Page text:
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Drought-related FAQ's

Find answers to the most commonly-asked questions about the drought.



Is the State of California really in a drought?
The state of California is in a severe drought.  Get more information about the size and impact of the drought here

Is the City of Riverside in a drought like other California cities?
The City of Riverside receives its water from local groundwater basins, which are still replenished by rain and snow, though at a lower rate than normal.  Riverside has many years’ worth of water in reserve, while there is no near-term risk to Riverside’s water supplies, there may be a long-term risk.

What is the State of California doing about the drought?
Governor Brown issued an Executive Order forbidding certain activities and mandating that the State Water Resources Control Board (SWRCB) develop regulations to conserve 25% of statewide urban water usage between June 1, 2015 and February 27, 2016 as compared to 2013.  Information on the Governor’s declaration can be found here

The SWRCB’s emergency regulations can be found here.

What is the difference between groundwater and surface water?
Surface water includes lakes, rivers, streams, canals and any other source of water that is located at or near the earth’s surface.  Many agencies in California obtain their water supply from either the California Delta System or from the Colorado River, both surface water sources. 

Groundwater is usually well below the surface (40 feet to over 1,000 feet deep) and is extracted using wells outfitted with pumps and motors.  The City of Riverside obtains its water from ground water sources in San Bernardino and Riverside Counties.

Is the City of Riverside trying to conserve water?
The City of Riverside has and will continue to promote water conservation, which allows the City to grow and prosper while minimizing the cost to find new water supplies.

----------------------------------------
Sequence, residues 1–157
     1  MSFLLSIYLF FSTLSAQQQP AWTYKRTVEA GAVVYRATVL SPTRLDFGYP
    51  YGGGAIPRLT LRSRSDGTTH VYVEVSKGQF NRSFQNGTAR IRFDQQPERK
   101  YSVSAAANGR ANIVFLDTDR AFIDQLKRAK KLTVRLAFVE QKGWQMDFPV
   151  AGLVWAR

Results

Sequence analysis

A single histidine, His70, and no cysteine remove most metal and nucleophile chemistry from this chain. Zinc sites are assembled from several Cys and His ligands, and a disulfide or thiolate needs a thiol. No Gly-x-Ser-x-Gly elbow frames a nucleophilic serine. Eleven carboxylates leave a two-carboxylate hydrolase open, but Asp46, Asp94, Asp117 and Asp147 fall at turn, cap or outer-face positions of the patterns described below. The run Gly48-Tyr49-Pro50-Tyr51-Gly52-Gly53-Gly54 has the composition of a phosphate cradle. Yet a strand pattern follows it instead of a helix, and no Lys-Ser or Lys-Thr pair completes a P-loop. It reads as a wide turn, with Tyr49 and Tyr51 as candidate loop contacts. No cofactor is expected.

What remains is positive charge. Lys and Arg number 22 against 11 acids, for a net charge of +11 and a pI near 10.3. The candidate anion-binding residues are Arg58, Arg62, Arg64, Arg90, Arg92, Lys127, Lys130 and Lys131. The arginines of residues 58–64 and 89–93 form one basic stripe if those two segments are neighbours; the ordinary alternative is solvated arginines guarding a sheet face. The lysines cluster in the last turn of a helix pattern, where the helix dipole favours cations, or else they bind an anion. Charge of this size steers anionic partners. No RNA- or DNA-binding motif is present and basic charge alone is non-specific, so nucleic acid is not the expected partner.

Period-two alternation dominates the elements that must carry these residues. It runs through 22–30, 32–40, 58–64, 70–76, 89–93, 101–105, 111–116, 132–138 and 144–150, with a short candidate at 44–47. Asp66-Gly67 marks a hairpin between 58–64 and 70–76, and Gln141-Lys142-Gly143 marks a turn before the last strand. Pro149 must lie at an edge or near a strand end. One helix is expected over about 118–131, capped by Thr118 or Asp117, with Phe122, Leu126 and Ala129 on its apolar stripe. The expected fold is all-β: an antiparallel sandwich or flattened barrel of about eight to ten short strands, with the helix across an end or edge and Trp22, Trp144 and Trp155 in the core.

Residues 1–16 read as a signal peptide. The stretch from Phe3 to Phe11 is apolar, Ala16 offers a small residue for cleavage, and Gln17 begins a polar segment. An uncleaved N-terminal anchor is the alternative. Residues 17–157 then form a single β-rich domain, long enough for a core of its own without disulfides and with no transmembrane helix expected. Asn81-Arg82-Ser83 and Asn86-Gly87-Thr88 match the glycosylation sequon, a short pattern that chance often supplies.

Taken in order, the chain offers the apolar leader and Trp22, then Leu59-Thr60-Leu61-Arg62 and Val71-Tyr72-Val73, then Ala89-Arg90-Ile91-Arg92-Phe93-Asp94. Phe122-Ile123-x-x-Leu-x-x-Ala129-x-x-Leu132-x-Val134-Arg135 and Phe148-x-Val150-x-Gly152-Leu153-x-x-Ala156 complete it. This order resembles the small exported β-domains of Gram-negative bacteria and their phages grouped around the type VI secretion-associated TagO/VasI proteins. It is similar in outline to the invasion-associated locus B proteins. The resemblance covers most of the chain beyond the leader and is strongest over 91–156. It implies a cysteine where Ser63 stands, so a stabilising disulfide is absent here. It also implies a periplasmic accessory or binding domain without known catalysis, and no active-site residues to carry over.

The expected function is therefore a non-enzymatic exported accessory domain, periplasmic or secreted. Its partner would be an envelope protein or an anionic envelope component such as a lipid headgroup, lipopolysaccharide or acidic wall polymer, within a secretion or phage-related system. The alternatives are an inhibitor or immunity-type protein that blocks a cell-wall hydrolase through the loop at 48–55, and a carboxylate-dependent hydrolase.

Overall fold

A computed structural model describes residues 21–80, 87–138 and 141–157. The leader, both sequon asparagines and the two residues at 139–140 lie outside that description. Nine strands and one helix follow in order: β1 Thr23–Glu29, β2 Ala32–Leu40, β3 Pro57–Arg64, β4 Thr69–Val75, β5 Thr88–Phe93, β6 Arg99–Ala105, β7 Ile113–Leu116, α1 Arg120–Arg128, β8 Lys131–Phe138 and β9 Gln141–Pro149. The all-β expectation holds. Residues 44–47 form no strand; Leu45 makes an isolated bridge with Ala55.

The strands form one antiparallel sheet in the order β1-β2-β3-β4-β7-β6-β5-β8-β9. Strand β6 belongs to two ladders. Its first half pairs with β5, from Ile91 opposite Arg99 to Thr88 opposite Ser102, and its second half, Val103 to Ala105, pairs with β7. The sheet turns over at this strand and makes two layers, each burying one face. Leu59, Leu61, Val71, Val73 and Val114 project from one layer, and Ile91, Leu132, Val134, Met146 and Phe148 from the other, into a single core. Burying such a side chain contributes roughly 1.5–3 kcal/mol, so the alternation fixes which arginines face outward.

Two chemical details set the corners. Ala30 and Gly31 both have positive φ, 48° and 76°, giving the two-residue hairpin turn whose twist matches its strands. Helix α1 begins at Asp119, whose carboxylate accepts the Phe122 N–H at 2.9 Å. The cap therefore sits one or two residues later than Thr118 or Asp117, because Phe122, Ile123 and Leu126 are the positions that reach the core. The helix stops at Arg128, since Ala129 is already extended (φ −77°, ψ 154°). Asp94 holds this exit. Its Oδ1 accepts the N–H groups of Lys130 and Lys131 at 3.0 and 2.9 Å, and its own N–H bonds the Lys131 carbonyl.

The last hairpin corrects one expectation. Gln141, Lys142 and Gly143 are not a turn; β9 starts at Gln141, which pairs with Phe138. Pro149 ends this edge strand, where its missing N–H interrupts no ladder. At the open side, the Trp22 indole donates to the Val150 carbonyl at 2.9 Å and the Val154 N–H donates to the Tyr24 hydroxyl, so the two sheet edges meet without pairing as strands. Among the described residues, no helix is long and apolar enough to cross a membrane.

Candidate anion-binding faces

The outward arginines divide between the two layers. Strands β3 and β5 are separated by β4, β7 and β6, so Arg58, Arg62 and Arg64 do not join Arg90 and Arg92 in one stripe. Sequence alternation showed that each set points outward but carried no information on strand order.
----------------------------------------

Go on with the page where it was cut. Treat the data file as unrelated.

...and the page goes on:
Can the City of Riverside provide water to other water agencies?
On a short-term basis, Riverside could provide a limited amount of water to other local agencies.  However, Riverside would be constrained by the water rights set forth by a 1969 settlement agreement as well as by its ability to convey water.

Where does the City of Riverside get its water from?
Riverside extracts its water from three groundwater basins: the Bunker Hill Basin in San Bernardino, the Rialto Colton Basin in Colton, and the Riverside Basin.  More information about these basins and Riverside’s water rights can be found here.  Riverside’s water rights are based on natural recharge over a 40-year hydrologic (precipitation) cycle.

Does the City of Riverside import water?
Riverside has the right to import water and has infrastructure to do so.  However, Riverside has not relied on imported water since 2008, and does not need it now.

Where does imported water come from?
Most of Southern California has access to two major sources of imported water, the Colorado River and the California Delta via the State Water Project.  When Riverside has taken imported water in the past, it mainly came from the California Delta.

What are the latest drought restrictions?
View the latest restrictions here.  

Where can I report water waste?
If you spot water runoff or other water waste, you may report it through our 311 Call Center by dialing 311 (or 826-5311), online at www.RiversideCA.gov, or by using the 311 Call Center app.

I am a Western Municipal customer. Where can I go for more information? 
Western customers can get more information at wmwd.com.